- Oops!Something went wrong.Please try again later.
Gamehost's (TSE:GH) stock up by 3.8% over the past month. However, we decided to study the company's mixed-bag of fundamentals to assess what this could mean for future share prices, as stock prices tend to be aligned with a company's long-term financial performance. Particularly, we will be paying attention to Gamehost's ROE today.
Return on Equity or ROE is a test of how effectively a company is growing its value and managing investors’ money. Simply put, it is used to assess the profitability of a company in relation to its equity capital.
How To Calculate Return On Equity?
ROE can be calculated by using the formula:
Return on Equity = Net Profit (from continuing operations) ÷ Shareholders' Equity
So, based on the above formula, the ROE for Gamehost is:
3.2% = CA$3.5m ÷ CA$109m (Based on the trailing twelve months to June 2021).
The 'return' is the yearly profit. So, this means that for every CA$1 of its shareholder's investments, the company generates a profit of CA$0.03.
What Has ROE Got To Do With Earnings Growth?
Thus far, we have learned that ROE measures how efficiently a company is generating its profits. Based on how much of its profits the company chooses to reinvest or "retain", we are then able to evaluate a company's future ability to generate profits. Assuming all else is equal, companies that have both a higher return on equity and higher profit retention are usually the ones that have a higher growth rate when compared to companies that don't have the same features.
Gamehost's Earnings Growth And 3.2% ROE
As you can see, Gamehost's ROE looks pretty weak. Even compared to the average industry ROE of 12%, the company's ROE is quite dismal. For this reason, Gamehost's five year net income decline of 19% is not surprising given its lower ROE. However, there could also be other factors causing the earnings to decline. Such as - low earnings retention or poor allocation of capital.
Next, when we compared with the industry, which has shrunk its earnings at a rate of 1.9% in the same period, we still found Gamehost's performance to be quite bleak, because the company has been shrinking its earnings faster than the industry.
Earnings growth is an important metric to consider when valuing a stock. The investor should try to establish if the expected growth or decline in earnings, whichever the case may be, is priced in. This then helps them determine if the stock is placed for a bright or bleak future. One good indicator of expected earnings growth is the P/E ratio which determines the price the market is willing to pay for a stock based on its earnings prospects. So, you may want to check if Gamehost is trading on a high P/E or a low P/E, relative to its industry.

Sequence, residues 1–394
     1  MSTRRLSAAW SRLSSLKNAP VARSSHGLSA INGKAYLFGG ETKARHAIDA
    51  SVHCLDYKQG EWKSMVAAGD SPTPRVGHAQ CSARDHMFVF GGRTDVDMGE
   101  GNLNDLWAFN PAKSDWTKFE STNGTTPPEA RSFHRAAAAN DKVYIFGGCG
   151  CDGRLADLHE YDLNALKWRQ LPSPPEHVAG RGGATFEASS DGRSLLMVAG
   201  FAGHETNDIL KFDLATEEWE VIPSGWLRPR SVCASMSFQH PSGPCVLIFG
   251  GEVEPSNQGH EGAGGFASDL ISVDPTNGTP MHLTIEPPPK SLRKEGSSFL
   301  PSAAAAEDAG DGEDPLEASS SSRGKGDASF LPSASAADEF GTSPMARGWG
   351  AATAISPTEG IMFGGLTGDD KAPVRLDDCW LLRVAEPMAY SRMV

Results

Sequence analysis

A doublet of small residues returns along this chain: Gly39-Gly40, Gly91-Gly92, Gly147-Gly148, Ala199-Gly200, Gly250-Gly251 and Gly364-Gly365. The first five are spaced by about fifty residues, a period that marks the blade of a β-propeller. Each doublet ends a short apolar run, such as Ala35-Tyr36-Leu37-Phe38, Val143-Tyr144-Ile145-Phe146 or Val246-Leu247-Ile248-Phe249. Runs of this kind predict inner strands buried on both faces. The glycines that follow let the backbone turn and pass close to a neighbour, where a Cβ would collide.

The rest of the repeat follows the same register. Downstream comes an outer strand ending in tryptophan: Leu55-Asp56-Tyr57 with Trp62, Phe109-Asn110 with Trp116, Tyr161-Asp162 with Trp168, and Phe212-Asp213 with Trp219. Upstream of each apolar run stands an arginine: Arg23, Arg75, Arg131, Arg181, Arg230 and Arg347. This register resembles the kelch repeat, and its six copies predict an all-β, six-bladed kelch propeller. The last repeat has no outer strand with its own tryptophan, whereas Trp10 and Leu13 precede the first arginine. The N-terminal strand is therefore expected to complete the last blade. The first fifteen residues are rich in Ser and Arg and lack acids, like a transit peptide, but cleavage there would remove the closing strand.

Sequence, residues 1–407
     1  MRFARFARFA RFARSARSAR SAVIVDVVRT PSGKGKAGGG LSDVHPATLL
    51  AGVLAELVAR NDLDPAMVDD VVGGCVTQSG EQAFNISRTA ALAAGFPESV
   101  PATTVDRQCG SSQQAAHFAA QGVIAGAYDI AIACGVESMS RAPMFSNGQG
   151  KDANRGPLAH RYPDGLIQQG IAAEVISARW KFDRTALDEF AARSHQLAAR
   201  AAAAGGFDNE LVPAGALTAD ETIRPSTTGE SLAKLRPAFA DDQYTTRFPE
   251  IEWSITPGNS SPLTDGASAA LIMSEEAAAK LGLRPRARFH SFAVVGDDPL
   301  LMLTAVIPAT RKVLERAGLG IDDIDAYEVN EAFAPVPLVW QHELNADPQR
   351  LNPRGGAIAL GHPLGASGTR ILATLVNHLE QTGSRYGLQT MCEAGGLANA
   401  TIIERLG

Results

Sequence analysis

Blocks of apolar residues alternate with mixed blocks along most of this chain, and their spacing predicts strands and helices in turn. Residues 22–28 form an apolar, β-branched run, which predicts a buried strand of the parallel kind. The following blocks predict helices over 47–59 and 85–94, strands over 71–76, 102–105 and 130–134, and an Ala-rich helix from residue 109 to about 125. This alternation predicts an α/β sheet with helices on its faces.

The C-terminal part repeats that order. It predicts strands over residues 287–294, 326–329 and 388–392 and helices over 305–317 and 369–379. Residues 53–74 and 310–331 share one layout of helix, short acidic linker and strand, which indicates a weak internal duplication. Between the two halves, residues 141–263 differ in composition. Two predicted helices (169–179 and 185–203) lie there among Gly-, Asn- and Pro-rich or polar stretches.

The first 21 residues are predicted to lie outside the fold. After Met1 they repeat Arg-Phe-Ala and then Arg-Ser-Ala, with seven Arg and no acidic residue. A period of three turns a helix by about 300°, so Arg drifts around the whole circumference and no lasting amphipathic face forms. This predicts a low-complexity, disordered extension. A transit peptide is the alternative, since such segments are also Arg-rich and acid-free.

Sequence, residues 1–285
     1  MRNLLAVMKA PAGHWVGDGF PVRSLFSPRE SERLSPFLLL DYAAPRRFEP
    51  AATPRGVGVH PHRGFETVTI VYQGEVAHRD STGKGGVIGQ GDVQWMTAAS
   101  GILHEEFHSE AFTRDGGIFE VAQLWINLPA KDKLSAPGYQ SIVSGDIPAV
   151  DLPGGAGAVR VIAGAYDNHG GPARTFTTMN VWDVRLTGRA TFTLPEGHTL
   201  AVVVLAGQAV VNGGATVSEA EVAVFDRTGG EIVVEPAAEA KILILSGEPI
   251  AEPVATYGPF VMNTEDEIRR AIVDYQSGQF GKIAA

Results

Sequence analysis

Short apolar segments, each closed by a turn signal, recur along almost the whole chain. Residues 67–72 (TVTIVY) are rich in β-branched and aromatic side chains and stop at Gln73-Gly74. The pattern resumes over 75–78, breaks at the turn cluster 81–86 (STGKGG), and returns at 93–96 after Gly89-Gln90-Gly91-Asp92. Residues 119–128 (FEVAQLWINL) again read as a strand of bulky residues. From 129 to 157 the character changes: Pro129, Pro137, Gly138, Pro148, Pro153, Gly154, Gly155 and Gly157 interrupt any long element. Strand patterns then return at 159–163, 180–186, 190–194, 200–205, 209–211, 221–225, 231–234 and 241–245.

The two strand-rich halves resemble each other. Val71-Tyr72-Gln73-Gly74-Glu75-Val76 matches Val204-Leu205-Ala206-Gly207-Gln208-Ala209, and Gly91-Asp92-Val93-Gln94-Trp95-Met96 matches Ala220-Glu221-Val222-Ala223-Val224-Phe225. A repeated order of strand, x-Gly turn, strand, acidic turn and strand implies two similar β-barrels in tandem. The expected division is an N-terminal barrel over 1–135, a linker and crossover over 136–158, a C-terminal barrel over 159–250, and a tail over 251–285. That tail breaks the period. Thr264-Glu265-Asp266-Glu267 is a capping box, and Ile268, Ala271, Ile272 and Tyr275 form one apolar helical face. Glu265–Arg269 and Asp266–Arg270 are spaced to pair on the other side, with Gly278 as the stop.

Is Gamehost Using Its Retained Earnings Effectively?
While the company did payout a portion of its dividend in the past, it currently doesn't pay a dividend. This implies that potentially all of its profits are being reinvested in the business.
Overall, we have mixed feelings about Gamehost. While the company does have a high rate of profit retention, its low rate of return is probably hampering its earnings growth. So far, we've only made a quick discussion around the company's earnings growth. To gain further insights into Gamehost's past profit growth, check out this visualization of past earnings, revenue and cash flows.
This article by Simply Wall St is general in nature. We provide commentary based on historical data and analyst forecasts only using an unbiased methodology and our articles are not intended to be financial advice. It does not constitute a recommendation to buy or sell any stock, and does not take account of your objectives, or your financial situation. We aim to bring you long-term focused analysis driven by fundamental data. Note that our analysis may not factor in the latest price-sensitive company announcements or qualitative material. Simply Wall St has no position in any stocks mentioned.
Have feedback on this article? Concerned about the content? Get in touch with us directly. Alternatively, email editorial-team (at) simplywallst.com.